I'm ovulating again, it appears. I finally got pregnant with Seth, even though getting me to ovulate again was not like flipping a switch with meds. It isn't that easy, and fertility ovulation is nothing like your own. My fertility doctor talked about how pregnancy could "reset my system." If it could "reset my system," then doesn't that imply that something got it off balance? What was that something? If you don't know, don't pretend you do.
I have talked to other infertile women who have similar stories. They also wondered if their lack of ovulation after the pill was because of the pill. They were also blown off by their doctors. I don't know how many of us are out there, and the sad thing is that I'll probably never know. It would take a bunch of clinical trials to figure that out, and they would be incredibly complicated, and I'm doubting I'll ever see one in my lifetime. I'm throwing this out there in this post, hoping that my story will make a difference to someone, as nonclinical and unscientific as it is. I don't think science is going to rush out there and try to validate me, so I guess this will be as far as it goes.
We think that prescription drugs are benign things, doing lots of good and very little harm. Most of us don't think much about that list of side effects on the package. I may have taken the pill anyway, even if I knew there was a small chance it could make me infertile. I don't really know.
But, after this experience, I know that I was very wary of any drug that fertility doctors wanted to prescribe me. I read up on each one. And I only tried each one out of desperation. It took me years to seek treatment partly because I believed that drugs got me into the mess I was in. I didn't want to get worse as a result of more drugs. In the case of infertility, medicine became a huge blessing. I am very thankful for it. But I have a very bittersweet relationship with medication as a result of all I've been through.
And this makes me skeptical of the American vaccine regimen for kids. And that skepticism, once again, is opening me to the argumentation of my doctor. Like most mothers of baby boys, I worry about autism. I don't know where to look for answers because nobody has any. And, I argue, if no one has any, doesn't that mean that I should be allowed to question without much arguing? Yes, I am fully convinced that children should be vaccinated against truly awful diseases that have great potential to kill or maim them for life. Who isn't thrilled about smallpox or polio vaccines?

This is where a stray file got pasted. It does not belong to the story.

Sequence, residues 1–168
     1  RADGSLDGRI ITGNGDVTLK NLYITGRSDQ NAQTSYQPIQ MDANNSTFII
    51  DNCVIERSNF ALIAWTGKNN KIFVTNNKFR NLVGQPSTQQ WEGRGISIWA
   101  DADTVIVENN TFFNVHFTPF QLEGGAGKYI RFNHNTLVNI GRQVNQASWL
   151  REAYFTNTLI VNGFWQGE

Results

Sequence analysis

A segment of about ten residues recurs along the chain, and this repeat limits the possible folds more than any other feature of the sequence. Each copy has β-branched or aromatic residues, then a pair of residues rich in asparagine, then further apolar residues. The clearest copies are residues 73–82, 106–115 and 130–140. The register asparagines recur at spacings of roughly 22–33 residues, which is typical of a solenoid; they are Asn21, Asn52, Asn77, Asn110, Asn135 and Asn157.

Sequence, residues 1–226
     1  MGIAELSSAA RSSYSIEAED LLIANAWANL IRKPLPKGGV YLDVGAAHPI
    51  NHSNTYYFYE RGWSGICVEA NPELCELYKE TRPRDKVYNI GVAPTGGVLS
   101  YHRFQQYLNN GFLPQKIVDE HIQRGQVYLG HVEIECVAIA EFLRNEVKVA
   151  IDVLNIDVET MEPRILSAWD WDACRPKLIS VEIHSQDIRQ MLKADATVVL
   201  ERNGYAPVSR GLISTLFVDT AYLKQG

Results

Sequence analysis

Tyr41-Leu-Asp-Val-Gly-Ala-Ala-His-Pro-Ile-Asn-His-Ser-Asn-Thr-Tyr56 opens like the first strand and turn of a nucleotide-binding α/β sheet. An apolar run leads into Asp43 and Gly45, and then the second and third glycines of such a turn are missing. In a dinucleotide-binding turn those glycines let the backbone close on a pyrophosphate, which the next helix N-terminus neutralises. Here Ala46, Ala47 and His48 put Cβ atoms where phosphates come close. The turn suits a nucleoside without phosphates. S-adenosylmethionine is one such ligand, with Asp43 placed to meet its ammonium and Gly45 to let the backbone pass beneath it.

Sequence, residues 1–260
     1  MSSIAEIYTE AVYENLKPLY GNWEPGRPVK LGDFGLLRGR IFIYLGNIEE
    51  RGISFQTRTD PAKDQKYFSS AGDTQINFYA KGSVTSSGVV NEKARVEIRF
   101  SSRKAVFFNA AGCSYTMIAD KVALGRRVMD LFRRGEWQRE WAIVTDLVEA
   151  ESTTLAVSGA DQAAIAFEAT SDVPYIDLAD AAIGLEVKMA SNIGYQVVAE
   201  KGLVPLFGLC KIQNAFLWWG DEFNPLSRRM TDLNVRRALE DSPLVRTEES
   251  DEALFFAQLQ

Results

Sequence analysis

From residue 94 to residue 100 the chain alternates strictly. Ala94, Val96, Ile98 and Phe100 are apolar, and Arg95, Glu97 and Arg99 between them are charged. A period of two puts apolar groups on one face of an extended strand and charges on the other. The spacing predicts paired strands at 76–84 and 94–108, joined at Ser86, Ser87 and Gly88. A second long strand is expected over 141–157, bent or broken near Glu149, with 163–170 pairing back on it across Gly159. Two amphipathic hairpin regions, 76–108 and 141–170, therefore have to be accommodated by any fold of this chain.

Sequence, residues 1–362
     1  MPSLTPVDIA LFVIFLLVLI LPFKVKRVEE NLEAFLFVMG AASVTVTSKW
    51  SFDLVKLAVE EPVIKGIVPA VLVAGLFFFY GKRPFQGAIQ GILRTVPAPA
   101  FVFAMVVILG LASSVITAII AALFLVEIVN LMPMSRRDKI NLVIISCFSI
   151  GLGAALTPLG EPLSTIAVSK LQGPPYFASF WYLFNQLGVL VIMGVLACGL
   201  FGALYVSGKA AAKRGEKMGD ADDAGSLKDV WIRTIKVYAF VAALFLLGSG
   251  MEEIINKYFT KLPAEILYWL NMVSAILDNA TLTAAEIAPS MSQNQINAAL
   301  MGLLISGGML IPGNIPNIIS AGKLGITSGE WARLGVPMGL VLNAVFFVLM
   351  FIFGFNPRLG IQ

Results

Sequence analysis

But I don't think that doctors should think it is ridiculous that I call their judgment into question when they recommend a vaccine for chicken pox, a childhood illness that most of us had with very little fuss or problems. In fact, I would argue that recommending vaccines for chicken pox for most healthy kids is something I should call you on the carpet for as a doctor. If you're willing to do that, why should I trust your recommended vaccine regimen? I've just found one questionably "necessary" vaccine that you recommend. Why shouldn't I believe that you're trying to over vaccinate my child if you're recommending this?
I am weary of this already. I would love to just trust my doctor that every vaccine that he recommends is perfectly safe and perfectly necessary. It's a lot of work to try to make these decisions for my son in a safe and balanced way. At this point, I have had Seth vaccinated with almost everything recommended, but as he gets older, and the list of vaccines he's supposed to get at each checkup gets longer, I question more. And I worry that my questioning will label me as some sort of fringe wacko that doesn't care if her child gets sick and won't intervene if they do. I want to have a good relationship with my pediatrician. He is a good guy. This is tough for me.
I wish there were more answers for my questions. I have a lot of them. Over the years, I have become more willing to question sometimes. I guess this post has explained why...